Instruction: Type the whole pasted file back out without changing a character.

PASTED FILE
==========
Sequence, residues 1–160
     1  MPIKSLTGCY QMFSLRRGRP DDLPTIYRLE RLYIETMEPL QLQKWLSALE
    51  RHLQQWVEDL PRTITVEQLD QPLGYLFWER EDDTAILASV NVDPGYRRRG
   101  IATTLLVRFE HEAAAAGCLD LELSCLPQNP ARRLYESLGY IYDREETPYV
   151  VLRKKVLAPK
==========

Sequence, residues 1–160
     1  MPIKSLTGCY QMFSLRRGRP DDLPTIYRLE RLYIETMEPL QLQKWLSALE
    51  RHLQQWVEDL PRTITVEQLD QPLGYLFWER EDDTAILASV NVDPGYRRRG
   101  IATTLLVRFE HEAAAAGCLD LELSCLPQNP ARRLYESLGY IYDREETPYV
   151  VLRKKVLAPK